Ten Years Later - 1932
A key sounded in the door and as the wind pushed it open, the scent of a human came swirling in, a heady mixture of violets and mothballs.
My mouth was full of pins, but that didn't prevent me from smiling ear to ear. I dropped the garment I'd been working on and took out the pins from my mouth carefully. Not that swallowing them, even all of them, would have done me any damage. I'd discovered by now I was pretty much unbreakable.
I stood up from my work station and walked up towards the woman standing in the doorway. She was carrying a armful of boxes, the top of her head barely visible. But I would've recognized that careless disarray of red tresses anywhere.
"Mrs. Elderberry! You're here much earlier than I thought you'd be," I said as I skipped to her side, helping her place the boxes on a nearby table.
She regarded me fondly over her tortoise-shell eyeglasses. "My plane just arrived and I was too keyed up to sleep. You're here much later than I thought you'd be. What are you doing in the store at almost 4 AM?"
I started opening the boxes, smiling back at her. "Oh, you know me, Mrs. E. I'm a night owl. Plus I get my best work done at night."
"A lovely young girl like you shouldn't spend her Friday nights holed up in here like this. It isn't right, dear."
I took a dress pattern out of the first box and held it up for perusal. "Ooh, this would look gorgeous in red."
Mrs. Elderberry laughed, the sound of it like a bell. "I had a feeling you'd like that one."
"So how was Paris?" I asked as I went back to my station and picked up the dress I'd been working on, eager to finish hemming it. The owner would be back later that day and I wanted to make sure it was perfect.
Mrs. Elderberry worked methodically through the boxes, removing the dress patterns and bolts of fabric. "It was cold, dirty, and the people are positively rude. I loved it. You would have, too, Alice. I do wish you could have come."
"Someone had to stay behind to mind the store."
"I don't know what I'd do without you, Alice Paine."
That was the name I'd given myself ten years ago, when I'd left Biloxi, Mississippi behind. I knew I needed to distance myself from that place, not just to avoid whomever had made me into what I was today, but also to go somewhere less temperate, where the oddity of my skin would remain a secret. To that end, I'd moved to Chicago, Illinois, where the winters were long and brutal and much of the year spent in clouds and shadows. During the summer months, when the sun was on full display, I retreated to my hideaway in Juneau, Alaska.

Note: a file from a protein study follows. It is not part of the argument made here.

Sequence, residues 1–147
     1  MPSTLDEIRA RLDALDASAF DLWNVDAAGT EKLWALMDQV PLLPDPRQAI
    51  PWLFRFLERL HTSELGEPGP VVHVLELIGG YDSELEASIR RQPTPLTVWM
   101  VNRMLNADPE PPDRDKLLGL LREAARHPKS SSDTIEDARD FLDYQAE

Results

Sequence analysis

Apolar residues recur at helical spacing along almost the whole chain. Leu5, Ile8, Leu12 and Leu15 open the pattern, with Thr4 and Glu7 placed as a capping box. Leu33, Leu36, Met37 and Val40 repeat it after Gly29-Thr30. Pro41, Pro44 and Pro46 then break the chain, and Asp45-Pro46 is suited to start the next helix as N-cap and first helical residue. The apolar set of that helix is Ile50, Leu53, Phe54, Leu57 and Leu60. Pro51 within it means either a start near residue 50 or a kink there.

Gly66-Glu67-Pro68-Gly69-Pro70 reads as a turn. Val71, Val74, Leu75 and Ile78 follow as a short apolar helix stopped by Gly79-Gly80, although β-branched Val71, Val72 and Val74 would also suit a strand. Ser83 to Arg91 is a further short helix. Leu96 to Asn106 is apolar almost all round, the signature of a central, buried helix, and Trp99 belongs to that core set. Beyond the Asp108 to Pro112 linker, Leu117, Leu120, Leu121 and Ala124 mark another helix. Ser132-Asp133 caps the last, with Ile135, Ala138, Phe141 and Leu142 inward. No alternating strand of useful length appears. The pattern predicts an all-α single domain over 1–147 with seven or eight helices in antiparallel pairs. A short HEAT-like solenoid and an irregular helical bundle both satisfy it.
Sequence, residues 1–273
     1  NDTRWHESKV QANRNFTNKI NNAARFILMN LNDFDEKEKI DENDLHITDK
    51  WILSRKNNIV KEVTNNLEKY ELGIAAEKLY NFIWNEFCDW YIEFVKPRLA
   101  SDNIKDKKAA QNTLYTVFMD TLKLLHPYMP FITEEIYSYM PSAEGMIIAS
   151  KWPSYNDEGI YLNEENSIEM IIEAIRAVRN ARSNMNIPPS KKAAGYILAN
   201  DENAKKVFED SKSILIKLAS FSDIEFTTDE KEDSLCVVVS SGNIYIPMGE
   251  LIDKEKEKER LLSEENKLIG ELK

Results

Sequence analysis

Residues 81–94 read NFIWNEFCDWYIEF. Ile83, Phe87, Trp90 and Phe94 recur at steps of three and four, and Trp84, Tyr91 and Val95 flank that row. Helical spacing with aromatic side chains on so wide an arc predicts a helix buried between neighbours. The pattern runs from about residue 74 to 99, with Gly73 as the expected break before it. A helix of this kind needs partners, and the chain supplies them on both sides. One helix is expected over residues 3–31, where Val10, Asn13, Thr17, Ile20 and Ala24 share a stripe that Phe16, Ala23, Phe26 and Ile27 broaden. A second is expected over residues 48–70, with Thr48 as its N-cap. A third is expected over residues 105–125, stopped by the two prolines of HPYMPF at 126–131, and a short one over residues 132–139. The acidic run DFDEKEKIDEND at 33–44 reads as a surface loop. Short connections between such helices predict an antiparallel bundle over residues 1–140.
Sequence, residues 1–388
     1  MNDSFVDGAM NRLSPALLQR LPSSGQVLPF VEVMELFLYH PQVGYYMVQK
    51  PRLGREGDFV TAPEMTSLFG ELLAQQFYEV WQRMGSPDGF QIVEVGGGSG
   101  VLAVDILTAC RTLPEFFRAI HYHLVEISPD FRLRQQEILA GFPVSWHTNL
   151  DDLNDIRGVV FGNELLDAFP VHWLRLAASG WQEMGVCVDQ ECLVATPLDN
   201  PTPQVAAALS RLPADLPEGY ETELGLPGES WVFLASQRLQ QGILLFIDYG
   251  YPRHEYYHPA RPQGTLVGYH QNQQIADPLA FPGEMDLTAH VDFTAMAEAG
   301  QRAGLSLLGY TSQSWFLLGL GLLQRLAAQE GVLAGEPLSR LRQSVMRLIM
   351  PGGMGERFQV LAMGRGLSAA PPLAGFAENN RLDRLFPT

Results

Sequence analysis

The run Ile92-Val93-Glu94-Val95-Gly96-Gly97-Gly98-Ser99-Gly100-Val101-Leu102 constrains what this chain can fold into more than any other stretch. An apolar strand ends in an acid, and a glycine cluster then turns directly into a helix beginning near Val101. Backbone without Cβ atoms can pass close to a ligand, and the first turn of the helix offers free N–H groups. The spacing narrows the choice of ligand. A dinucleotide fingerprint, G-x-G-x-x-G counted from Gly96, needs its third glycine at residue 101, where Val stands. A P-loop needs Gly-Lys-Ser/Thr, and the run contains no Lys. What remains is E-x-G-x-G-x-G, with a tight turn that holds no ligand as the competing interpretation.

For ten years I'd been living between Chicago and Juneau, straddling the line between mortal and immortal. By observing humans and their habits, I'd been able to successfully mimic their behavior. I prided myself on never having fed on one of them. Something in me, perhaps my stubborn pride, didn't let me do this, although I had to battle temptation from time to time. It got easier to resist the siren's call of their blood the more time I spent among them, although I wasn't completely desensitized. Not quite.
For three of those years, I'd been working with Mrs. Elderberry in her dress shop. I knew I would have to move soon, though the thought of this made me cringe. This was the happiest I'd been in ten years, and Mrs. E. was the first real friend I'd ever made. But that was the pattern to my life -- leave before anyone got suspicious about the fact that I didn't age, or the fact that my skin was harder and colder than theirs, that I was somehow different from them.
The visions helped guide me as far as timing. I'd received another one just last night, in which I was hiking amidst a glorious panorama of mountain peaks. I had no idea where, but I knew I would soon find out.
"Go home, Alice. It's late and you need your rest."
I looked out the window and saw that the sky was turning pink-gold with the start of a new day. I knew she was right -- although my visions had told me today would be overcast (as usual), I shouldn't risk coming in contact with the sun. Not if I wanted to stay here just a little longer.
I made a big show of yawning and stretching at my station. "Yeah, I am beat. OK, Mrs. E., see you in a few hours."
"See you later, dear. Mind your step outside, it's very windy."
I made sure to walk carefully out of the store, bending forward at the waist against the wind as the rest of the few passersby on the street were also doing. It was all a show -- not even the strongest wind could have budged me.
I walked to the small apartment I called home and unlocked the door, dropping my bag on a chair. I flipped the light switch -- and then flung myself back against the door, a guttural growl escaping my lips.
There was a man standing at the window, his back towards me. Something about his stance told me he wasn't ... normal. I also couldn't catch his scent, which raised red flags in my brain. How had I missed seeing this?
Before I could follow the frenzied maze of my thoughts, he turned, and I saw his face for the first time. It was pale and smooth as marble and the eyes were blood-red.
"Hello, Alice," he said with a smile.